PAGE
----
A mini-Neuschwanstein perches precariously above the immense body of water before you, an architectural folly that, surprisingly, did not spring from the fevered dreams of Mad King Ludwig. In truth, it was an early-twentieth-century German oil baron who treated himself to this gray-stone home, named after a small songbird. Its long-forgotten Anglo-Russian architect, who was tutored briefly by Rodin, had a distinctly sylvan surname—if you recall the classic outlaw tale.
A vintage trolley chugs along for more than fifty miles to reach the southeastern coast of this Sicily-sized peninsula, where a number of ancient civilizations left their mark; the remains of a Flavian Roman castrum are so close to this outcrop that you could trip over them. Just up the coast lies the home of a beloved dramaturge where literary giants once chattered, its now-frail white walls sadly fallen into disrepair. From famous photos, you may recognize the ivory neo-Renaissance palace just two miles south of there where three of the last century’s most incongruous leaders parleyed. And if you have a passion for dactylic dimeter, you’ll surely get a charge out of heading farther west to see where mounted heroes once (literally) gave it their all.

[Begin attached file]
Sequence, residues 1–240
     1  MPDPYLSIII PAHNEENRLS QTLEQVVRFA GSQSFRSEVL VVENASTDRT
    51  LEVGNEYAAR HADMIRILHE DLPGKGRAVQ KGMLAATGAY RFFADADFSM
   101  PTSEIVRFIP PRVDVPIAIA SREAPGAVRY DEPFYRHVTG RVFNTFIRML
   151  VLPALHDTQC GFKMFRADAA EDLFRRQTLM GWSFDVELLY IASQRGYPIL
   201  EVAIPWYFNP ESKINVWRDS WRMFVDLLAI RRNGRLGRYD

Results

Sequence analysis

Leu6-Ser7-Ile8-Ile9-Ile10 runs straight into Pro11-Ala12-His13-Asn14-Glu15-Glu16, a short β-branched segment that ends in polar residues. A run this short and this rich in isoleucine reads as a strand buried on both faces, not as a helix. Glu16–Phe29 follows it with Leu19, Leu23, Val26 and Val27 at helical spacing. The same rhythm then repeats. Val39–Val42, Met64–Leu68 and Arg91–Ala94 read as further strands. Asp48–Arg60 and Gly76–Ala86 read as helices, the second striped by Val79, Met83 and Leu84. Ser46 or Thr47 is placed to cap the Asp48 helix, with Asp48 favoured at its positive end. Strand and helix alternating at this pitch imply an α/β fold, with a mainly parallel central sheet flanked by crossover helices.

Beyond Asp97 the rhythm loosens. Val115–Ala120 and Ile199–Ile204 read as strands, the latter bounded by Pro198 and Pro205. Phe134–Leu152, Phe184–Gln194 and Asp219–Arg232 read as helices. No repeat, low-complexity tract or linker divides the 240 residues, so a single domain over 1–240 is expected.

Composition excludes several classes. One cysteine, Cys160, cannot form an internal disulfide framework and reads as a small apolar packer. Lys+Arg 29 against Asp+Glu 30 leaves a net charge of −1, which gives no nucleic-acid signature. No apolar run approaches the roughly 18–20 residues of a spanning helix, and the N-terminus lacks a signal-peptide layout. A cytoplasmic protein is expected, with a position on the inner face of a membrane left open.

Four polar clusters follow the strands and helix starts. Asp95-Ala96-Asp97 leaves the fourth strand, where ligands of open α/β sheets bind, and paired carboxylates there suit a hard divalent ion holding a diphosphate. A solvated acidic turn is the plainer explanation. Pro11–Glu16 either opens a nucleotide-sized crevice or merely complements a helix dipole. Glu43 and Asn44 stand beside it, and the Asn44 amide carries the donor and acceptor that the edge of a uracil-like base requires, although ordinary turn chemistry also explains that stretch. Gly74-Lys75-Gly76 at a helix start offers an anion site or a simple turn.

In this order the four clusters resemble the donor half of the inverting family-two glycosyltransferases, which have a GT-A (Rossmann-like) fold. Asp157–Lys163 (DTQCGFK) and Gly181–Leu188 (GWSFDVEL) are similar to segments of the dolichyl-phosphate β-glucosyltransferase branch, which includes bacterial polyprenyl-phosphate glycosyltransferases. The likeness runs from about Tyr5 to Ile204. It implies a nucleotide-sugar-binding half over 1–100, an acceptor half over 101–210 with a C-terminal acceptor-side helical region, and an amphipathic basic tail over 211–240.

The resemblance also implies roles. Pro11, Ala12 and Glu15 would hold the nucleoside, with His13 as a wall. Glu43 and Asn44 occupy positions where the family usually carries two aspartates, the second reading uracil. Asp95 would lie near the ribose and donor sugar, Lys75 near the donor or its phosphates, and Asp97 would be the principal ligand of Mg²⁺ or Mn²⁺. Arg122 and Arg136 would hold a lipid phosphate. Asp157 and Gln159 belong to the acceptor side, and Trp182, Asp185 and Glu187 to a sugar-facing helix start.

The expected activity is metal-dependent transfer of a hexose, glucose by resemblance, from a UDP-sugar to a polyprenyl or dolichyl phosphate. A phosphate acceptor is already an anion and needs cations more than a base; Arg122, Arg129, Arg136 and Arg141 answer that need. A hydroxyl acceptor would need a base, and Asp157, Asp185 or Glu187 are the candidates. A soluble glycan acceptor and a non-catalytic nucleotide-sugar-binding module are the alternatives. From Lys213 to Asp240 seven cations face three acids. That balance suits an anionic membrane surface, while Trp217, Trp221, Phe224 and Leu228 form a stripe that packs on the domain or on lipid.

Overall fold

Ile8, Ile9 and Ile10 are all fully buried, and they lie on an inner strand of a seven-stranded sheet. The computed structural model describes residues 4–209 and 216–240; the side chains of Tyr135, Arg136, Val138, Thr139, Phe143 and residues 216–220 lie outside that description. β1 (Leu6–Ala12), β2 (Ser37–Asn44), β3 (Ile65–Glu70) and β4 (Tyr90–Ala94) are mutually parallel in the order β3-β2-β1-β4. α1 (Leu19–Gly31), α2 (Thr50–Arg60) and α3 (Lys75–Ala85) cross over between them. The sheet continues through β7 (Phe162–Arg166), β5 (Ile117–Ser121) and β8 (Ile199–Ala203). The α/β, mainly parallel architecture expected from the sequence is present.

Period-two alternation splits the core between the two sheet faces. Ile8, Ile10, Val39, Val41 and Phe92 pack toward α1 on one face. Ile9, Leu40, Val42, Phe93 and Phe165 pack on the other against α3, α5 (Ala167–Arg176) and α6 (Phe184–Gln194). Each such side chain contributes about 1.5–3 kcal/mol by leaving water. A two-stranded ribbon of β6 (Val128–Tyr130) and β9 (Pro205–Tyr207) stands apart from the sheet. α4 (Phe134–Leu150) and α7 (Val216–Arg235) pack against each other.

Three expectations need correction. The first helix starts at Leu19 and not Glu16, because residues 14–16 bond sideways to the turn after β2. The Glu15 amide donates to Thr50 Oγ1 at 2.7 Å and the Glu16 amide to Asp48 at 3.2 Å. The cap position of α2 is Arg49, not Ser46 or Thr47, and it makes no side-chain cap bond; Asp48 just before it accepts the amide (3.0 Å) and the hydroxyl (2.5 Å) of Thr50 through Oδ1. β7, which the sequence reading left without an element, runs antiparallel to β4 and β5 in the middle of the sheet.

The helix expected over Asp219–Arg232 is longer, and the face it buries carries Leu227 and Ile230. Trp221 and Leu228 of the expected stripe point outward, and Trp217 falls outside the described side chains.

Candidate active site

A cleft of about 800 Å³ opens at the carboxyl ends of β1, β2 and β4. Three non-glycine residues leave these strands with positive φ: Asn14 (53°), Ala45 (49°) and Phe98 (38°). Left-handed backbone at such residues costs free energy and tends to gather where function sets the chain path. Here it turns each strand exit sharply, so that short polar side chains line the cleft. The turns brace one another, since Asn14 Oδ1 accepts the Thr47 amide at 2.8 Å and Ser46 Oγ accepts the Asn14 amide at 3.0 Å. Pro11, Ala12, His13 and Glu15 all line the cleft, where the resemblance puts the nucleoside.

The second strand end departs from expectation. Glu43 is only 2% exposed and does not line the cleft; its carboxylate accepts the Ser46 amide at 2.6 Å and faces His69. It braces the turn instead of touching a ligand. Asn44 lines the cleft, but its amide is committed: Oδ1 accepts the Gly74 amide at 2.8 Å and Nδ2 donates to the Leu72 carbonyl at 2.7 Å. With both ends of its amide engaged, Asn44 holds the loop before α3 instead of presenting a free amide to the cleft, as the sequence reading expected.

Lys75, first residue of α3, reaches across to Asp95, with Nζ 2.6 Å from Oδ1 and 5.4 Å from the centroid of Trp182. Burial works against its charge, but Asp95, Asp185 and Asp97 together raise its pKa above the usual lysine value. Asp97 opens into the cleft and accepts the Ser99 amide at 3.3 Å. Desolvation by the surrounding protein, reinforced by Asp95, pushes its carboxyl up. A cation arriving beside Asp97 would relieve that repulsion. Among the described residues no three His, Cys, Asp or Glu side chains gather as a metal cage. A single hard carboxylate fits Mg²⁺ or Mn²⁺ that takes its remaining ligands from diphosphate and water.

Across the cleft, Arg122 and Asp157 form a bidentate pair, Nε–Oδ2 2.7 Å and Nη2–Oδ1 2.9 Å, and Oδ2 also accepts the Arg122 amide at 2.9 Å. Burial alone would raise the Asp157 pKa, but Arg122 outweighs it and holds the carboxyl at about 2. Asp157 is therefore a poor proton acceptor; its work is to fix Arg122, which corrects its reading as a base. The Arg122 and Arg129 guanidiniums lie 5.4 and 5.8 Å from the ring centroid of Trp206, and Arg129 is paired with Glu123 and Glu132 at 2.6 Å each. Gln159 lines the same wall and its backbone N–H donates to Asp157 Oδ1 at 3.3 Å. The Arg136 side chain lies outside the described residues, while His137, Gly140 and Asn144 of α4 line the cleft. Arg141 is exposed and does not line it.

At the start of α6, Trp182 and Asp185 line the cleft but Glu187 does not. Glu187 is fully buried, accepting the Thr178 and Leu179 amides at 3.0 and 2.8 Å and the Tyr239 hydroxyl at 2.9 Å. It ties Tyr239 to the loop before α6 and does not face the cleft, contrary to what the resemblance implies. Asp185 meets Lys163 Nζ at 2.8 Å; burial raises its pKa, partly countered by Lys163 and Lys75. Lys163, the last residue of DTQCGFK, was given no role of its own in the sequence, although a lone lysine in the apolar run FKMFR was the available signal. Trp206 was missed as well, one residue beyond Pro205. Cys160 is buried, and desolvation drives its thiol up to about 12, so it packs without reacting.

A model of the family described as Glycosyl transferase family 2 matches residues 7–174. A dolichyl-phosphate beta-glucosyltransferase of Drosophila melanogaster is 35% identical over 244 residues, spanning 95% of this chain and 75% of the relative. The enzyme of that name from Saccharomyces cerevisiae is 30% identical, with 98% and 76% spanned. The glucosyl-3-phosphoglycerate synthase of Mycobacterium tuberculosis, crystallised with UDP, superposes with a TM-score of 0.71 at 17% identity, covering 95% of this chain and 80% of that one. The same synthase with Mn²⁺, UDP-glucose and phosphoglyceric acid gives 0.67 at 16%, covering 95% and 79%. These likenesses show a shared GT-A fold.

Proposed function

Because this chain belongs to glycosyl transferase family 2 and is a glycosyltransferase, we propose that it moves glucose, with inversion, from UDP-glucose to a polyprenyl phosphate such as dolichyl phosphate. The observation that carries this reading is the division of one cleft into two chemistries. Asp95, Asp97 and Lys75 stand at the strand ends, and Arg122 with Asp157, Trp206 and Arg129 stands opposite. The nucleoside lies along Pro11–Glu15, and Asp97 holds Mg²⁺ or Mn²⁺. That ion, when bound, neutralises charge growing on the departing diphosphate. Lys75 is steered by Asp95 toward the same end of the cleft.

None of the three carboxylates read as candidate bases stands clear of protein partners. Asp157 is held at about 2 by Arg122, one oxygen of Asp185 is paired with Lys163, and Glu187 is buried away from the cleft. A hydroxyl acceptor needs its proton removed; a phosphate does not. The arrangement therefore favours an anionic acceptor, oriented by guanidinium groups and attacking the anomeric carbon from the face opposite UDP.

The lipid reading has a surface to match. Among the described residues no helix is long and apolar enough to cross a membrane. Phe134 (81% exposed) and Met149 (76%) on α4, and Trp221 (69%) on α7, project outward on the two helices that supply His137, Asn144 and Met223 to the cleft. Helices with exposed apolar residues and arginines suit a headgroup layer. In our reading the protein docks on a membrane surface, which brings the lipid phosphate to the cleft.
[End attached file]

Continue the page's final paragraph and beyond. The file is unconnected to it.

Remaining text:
You can depart by following a fragrant four-mile path that was laid out for emperors, or you can make a flashy exit by boat. Either way, there’s no need to rush. This cliff view is one of the region’s most picturesque, and you’ll find a modest Italian restaurant in one of the castle’s former bedrooms. Pasta in a palace? Dreams do come true.